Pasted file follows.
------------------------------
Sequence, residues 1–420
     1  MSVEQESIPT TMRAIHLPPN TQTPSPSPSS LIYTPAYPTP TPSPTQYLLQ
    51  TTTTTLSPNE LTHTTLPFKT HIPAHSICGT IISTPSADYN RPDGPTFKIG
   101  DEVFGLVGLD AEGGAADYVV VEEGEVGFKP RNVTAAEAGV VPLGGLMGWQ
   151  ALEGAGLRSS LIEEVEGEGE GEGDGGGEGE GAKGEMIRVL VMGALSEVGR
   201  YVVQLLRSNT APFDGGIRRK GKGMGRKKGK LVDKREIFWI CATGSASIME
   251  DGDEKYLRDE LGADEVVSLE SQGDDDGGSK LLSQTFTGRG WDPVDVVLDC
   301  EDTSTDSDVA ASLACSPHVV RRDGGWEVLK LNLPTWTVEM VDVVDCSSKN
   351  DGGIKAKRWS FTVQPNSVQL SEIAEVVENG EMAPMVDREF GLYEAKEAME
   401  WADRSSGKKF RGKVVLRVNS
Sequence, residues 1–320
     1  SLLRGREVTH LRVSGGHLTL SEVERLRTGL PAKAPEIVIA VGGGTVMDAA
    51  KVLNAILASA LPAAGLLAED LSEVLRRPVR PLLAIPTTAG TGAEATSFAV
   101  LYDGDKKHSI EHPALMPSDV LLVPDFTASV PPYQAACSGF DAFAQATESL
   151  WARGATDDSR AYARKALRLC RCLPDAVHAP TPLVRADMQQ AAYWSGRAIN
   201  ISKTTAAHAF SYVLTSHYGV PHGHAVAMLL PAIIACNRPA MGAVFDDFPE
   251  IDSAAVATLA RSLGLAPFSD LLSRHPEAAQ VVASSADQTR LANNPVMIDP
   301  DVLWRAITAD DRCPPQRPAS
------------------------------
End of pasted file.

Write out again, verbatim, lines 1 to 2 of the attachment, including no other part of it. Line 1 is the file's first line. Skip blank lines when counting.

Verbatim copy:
Sequence, residues 1–420
     1  MSVEQESIPT TMRAIHLPPN TQTPSPSPSS LIYTPAYPTP TPSPTQYLLQ